The competition very much fits the digital world that this column covers. It showed how much nature photographers have gone to digital and how digital is affecting photography. I also have some ideas to share for readers who want to enter this contest in the future.
I was part of a group of judges who narrowed down the entries to a core group of very fine images for the final judging. The winners would be determined later. More than 18,000 photographs were entered into the competition. Here’s the first digital reflection about the competition: In 2005, film made up about 65% of the entries and digital comprised about 35%; in 2006, this flipped—digital made up 65% and film 35%. That’s a huge change for a single year and reflects what’s going on in the industry.
We judged digital images and slides as projected onto a screen. Here’s the next digital bit of interest. The process was hugely different from film to digital, and the digital part went quickly and easily. Digital images were projected from a computer through iView MediaPro using a high-resolution, SXGA Epson projector. You could quickly go back and forth among images. Those that deserved a second look were easily tagged for sorting and viewing with a single keystroke within MediaPro.
We quickly felt like we were using ancient technology when we switched to slides. That sounds a bit harsh, but when we went from digital projection to slides, there was truly a dramatic change that did seem like we had turned back time.
In digital, images are always in focus (assuming the original is), colors bright, and they never jam or cause problems in moving from photo to photo. With the slide projector, the process is certainly a longer one to ensure each image is refocused for critical evaluation (we could also request to see them on a light table—unnecessary with digital), slides would jam, and images didn’t project with the crisp light of the digital projector.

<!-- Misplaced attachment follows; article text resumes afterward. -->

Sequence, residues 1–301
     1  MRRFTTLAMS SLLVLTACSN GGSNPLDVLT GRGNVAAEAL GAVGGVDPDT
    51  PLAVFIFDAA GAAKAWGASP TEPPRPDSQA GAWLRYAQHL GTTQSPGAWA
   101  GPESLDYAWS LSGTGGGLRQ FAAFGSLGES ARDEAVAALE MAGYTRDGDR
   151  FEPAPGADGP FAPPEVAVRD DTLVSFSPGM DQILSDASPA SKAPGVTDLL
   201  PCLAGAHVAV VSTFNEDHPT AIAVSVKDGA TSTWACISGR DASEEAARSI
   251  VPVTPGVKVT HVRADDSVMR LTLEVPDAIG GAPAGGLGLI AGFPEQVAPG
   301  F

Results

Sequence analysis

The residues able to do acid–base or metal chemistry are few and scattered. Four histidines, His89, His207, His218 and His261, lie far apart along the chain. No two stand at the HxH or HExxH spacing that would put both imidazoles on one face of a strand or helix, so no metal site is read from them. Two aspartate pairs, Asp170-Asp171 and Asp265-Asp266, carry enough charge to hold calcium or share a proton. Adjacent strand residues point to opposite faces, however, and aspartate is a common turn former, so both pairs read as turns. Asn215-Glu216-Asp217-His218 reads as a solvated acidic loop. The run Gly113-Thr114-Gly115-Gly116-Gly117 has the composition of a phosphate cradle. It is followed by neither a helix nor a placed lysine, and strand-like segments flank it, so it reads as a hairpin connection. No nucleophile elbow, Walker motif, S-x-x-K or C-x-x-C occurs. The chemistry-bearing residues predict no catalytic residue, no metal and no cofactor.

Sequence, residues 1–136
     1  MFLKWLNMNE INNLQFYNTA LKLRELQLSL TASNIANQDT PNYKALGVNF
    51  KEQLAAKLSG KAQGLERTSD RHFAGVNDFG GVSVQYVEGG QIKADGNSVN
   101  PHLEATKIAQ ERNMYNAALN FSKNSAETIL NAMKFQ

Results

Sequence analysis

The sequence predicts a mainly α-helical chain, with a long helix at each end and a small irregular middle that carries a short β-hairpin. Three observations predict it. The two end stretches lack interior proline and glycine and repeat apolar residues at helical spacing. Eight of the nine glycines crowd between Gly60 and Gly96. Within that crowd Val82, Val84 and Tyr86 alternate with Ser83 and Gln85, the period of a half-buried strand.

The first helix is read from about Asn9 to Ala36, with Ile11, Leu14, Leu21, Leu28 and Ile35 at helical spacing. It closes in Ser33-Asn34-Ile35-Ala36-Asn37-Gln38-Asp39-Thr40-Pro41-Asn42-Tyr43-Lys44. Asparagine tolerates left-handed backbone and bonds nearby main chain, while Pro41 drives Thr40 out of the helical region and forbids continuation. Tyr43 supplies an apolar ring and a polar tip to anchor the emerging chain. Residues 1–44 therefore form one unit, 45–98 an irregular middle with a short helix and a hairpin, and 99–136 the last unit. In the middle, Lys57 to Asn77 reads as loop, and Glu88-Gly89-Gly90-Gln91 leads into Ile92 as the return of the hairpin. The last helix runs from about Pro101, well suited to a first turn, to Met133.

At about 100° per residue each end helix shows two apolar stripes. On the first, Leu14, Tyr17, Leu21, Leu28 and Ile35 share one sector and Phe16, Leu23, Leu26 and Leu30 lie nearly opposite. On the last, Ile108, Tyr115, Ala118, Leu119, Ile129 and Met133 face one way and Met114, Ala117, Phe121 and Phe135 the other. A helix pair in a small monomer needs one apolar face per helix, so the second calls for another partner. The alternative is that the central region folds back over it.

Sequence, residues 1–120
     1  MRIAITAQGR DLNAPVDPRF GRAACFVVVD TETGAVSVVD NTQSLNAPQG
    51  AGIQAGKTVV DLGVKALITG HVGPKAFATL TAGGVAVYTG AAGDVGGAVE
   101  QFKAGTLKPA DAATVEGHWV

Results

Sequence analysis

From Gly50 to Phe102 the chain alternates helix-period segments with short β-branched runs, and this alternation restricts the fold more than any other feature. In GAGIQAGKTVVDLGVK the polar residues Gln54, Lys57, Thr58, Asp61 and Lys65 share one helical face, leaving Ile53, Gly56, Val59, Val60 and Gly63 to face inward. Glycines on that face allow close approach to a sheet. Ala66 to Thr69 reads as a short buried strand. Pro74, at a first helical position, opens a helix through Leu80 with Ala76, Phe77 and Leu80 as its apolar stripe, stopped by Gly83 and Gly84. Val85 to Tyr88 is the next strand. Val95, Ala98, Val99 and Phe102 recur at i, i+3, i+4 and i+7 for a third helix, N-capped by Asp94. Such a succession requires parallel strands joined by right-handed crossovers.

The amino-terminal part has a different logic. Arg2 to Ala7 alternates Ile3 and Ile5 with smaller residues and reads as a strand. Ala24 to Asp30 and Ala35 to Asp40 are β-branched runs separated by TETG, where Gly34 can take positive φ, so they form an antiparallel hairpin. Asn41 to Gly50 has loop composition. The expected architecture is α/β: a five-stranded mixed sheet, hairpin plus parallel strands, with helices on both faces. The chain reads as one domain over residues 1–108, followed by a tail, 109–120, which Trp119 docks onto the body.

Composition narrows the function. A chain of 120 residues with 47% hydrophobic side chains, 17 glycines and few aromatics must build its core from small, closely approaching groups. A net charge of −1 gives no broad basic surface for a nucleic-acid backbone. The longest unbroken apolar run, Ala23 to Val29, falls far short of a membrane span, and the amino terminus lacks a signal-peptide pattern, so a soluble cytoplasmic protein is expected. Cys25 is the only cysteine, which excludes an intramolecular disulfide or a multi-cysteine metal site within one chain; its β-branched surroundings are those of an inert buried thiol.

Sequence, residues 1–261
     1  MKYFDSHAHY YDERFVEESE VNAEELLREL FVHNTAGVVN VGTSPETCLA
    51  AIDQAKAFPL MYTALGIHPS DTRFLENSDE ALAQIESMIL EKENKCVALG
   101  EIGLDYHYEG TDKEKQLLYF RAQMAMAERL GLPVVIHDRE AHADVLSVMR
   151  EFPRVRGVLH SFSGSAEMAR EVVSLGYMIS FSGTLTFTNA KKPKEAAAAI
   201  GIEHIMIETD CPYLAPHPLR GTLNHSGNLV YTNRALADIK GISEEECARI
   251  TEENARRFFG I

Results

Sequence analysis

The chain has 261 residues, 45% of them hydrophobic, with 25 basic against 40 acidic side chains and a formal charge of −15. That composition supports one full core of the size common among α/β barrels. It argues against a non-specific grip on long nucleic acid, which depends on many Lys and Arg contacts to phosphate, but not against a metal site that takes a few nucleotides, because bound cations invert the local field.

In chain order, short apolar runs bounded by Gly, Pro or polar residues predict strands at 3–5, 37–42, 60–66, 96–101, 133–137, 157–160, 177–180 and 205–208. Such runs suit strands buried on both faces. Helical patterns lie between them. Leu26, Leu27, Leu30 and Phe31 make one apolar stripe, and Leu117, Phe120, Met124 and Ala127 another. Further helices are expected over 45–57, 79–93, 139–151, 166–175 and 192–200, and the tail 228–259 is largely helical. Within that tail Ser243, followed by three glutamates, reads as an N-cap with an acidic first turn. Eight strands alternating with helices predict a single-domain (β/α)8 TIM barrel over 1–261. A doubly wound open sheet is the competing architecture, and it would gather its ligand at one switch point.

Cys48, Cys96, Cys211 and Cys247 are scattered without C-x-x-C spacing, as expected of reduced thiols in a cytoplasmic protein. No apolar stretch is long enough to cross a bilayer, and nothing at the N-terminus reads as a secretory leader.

Then there was the challenge of going back and checking a slide again (this took time to reload the slide trays and locate the correct image), plus slide trays don’t always like moving quickly, so they can jam. With digital, all of this was nearly instant and it was simple to flip through images for further review. The only glitch that occurred was when the program froze once, but all selections were saved as we went along, so that wasn’t a problem.
We all noticed something else quite revealing, too. The digital images as photographs were fresher and livelier as a whole. That doesn’t mean there weren’t some great individual film shots (there were, indeed!). What that does reflect is that it seemed a lot of photographers sent in older images as slides (and transparencies) and the new stuff was more likely to be digital.
There was a downside to digital at this competition—black-and-white. It’s very possible to make outstanding black-and-white images from digital files and as digital prints; we didn’t see any of those, unfortunately. In fact, the black-and-white section as a whole was disappointing. Black-and-white, whether film or digital, isn’t simply the removal of color. To be done well, it needs great attention to the craft of translating color into tonalities. We saw some very good black-and-white prints, but too many of them weren’t good examples of this type of photography, even if they were okay photos of the subjects.
That makes this category wide open in the future. If a photographer has a real feel for black-and-white and knows how to get the most from a natural subject, he or she has a chance of winning something in this contest. Any natural subject is fine for this category, but it must work well in black-and-white.